It concerns me that the identical code immediately appears again within loop layer 4 (where the code is specific to the current trial). I imagine I just copied this from the original PsychoPy code – what is the logic of this?

Q6 – in loop layer 4 (within any given trial itself) I set t = 0, reset the trialClock and set frameN = -1. I don’t really understand frames, and how they accumulate – can someone explain frames to me in plain English (sorry)?

In loop layer 5 ‘t’ is set to:

t = trialClock.getTime() 

Does this set ‘t’ to a fixed time, or is it a constantly accumulating time? ‘t’ appears in a series of if loops that set components into motion, e.g.:

if t >= 0.0 and audio_stimulus.status == NOT_STARTED:
    audio_stimulus.tStart = t
    audio_stimulus.frameNStart = frameN  

Why does the if statement need the t >= 0.0 section here? What is the logic. The code doesn’t work if it’s not included, but I don’t understand why? How do the frames accumulate? At the beginning of any given current trial (loop layer 4) I’ve set

frameN = -1

Then in layer 5 (while continueRoutine) it sets it to frameN + 1

frameN = frameN + 1

Surely this is just setting frameN to 0 for every single trial? Seems like I’m possibly doing something pretty wrong here?

Q7 – I’ve noticed I’ve set up a variable called currentLoop, containing trials, in layer 4. This variable never gets used. I’m guessing it may have come from the original PsychoPy code, and I’ve either intentionally or unintentionally abandoned it. Is there any standard PsychoPy reason for saving trials to another variable within each trial?

Q8 – When starting the keyboard response, I have the following code:

if t >= 0.0 and key_resp_2.status == NOT_STARTED:
    key_resp_2.tStart = t
    key_resp_2.frameNStart = frameN  # exact frame index
    key_resp_2.status = STARTED

In plain English, what does this bit achieve, and why does it appear in this chunk of code:



Q9 – In a moment of probably very bad coding I did the following:

frameRemains = 1000 + 1.0- win.monitorFramePeriod * 0.75

I have no idea what the implications of this are?

I did it because when frameRemains resulted in a much lower number, the audio_feedback audio would often be cut short. This, on the surface level, fixed the problem. But obviously it could have consequences that I haven’t considered given that I don’t really understand frames or what any of ‘1.0- win.monitorFramePeriod * 0.75’ refers to… can someone explain?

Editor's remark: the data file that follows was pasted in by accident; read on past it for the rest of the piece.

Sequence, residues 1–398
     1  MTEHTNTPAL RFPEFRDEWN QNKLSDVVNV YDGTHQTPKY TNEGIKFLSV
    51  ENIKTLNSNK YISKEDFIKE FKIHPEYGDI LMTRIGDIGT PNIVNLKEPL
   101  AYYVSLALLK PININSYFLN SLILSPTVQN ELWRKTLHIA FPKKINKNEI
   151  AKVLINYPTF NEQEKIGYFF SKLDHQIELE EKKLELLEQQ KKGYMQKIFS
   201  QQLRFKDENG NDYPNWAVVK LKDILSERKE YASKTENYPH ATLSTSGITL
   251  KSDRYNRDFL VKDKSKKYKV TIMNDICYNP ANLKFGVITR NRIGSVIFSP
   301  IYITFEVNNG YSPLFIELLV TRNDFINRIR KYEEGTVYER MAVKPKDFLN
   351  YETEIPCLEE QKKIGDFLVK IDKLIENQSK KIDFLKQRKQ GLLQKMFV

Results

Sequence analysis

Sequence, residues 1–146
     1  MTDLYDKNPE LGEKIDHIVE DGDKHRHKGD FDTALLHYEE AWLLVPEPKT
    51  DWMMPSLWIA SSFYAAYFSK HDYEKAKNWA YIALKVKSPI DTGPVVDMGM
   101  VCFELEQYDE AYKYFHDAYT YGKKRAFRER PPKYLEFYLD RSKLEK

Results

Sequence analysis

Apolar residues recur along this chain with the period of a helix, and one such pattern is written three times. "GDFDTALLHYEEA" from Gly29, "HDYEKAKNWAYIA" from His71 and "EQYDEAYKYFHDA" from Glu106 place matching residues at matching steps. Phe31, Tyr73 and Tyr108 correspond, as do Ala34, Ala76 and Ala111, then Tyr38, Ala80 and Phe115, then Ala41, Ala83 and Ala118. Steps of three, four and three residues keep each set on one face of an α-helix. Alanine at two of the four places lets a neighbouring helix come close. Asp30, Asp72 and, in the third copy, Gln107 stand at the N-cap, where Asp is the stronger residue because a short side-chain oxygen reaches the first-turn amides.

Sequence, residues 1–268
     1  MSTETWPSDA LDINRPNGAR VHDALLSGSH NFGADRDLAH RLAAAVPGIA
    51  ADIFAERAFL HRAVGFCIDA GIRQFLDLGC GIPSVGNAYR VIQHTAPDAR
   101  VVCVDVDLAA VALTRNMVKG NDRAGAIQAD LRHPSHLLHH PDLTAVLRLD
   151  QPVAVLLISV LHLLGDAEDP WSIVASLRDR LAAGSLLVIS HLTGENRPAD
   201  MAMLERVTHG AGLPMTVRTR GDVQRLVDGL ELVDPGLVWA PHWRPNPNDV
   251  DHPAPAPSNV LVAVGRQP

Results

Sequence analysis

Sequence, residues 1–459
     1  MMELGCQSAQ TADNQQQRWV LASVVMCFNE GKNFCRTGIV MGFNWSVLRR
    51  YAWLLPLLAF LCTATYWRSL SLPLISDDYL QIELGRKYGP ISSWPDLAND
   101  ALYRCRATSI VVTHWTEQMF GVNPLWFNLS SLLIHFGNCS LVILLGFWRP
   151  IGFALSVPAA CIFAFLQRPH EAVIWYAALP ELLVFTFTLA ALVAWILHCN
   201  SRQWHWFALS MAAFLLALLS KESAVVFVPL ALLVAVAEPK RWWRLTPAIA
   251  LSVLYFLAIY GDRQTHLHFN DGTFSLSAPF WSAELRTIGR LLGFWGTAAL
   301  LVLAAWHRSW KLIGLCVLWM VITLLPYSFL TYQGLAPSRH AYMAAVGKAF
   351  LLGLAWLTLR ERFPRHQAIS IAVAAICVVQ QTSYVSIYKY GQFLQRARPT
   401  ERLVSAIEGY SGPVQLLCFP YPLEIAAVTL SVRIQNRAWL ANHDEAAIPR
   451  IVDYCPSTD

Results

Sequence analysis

The code that decides when audio_feedback should stop is as follows:

if audio_feedback.status == STARTED and t >= frameRemains:

Q10. Within layer 5 (within ‘while continueRoutine’) I have the following code:

if continueRoutine:  

In plain English (sorry), what does win.flip() do…?

Q11. In Layer 5 I use:


to remove the score_text from the screen, before I update it (in layer 5) and then set score_text.setAutoDraw(True). Is this ok practice? It seems that if I don’t do that, the old score_text remains on the screen, with the new score_text being drawn over it.

In layer 6 (within the loop ‘if key_resp_2.status == STARTED’) I use the code:

theseKeys = event.getKeys(keyList=key_strings)

Currently participants are able to respond more than once, and PsychoPy stores only their final response. How can I limit this so that participants can respond only once?

Also participants shouldn’t have the option of responding with no response, so can I just go ahead and delete the following bit:

if key_resp_2.keys in ['', [], None]:  
         if str(corrAns).lower() == 'none':
                    key_resp_2.corr = 1  
                    key_resp_2.corr = 0  


Or do I need that bit for the later code:

if key_resp_2.keys != None:  
         trials.addData('key_resp_2.rt', key_resp_2.rt)


Q13. Within loop layer 7 (within ‘if len(theseKeys) > 0), I have the following code:

key_resp_2.rt = key_resp_2.clock.getTime()

How does PsychoPy calculate the response rate? I presume that getTime() uses t.Start and measures from there? So I guess t has been accumulating ever since loop layer 5 when it is set to trialClock.getTime() ? I’m right to think that the trialClock itself has been running ever since it was initialized as:

trialClock = core.Clock() 


I presume that running clocks isn’t too much of a strain on memory?


Within the final layer (layer 8) I tried, in the instance that the participant made the correct response, to have some text come on the screen saying that they had got the answer correct:

if t >= 0.0 and correct_text.status == NOT_STARTED:
            correct_text.tStart = t
            correct_text.frameNStart = frameN  # exact frame index
            incorrect_text.status = FINISHED